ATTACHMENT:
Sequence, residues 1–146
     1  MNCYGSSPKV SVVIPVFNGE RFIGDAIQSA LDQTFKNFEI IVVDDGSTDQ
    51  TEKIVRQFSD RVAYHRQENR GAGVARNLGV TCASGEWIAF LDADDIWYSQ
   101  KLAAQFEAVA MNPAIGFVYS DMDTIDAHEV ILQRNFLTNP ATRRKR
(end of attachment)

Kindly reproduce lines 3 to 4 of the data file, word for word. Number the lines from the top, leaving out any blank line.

    51  TEKIVRQFSD RVAYHRQENR GAGVARNLGV TCASGEWIAF LDADDIWYSQ
   101  KLAAQFEAVA MNPAIGFVYS DMDTIDAHEV ILQRNFLTNP ATRRKR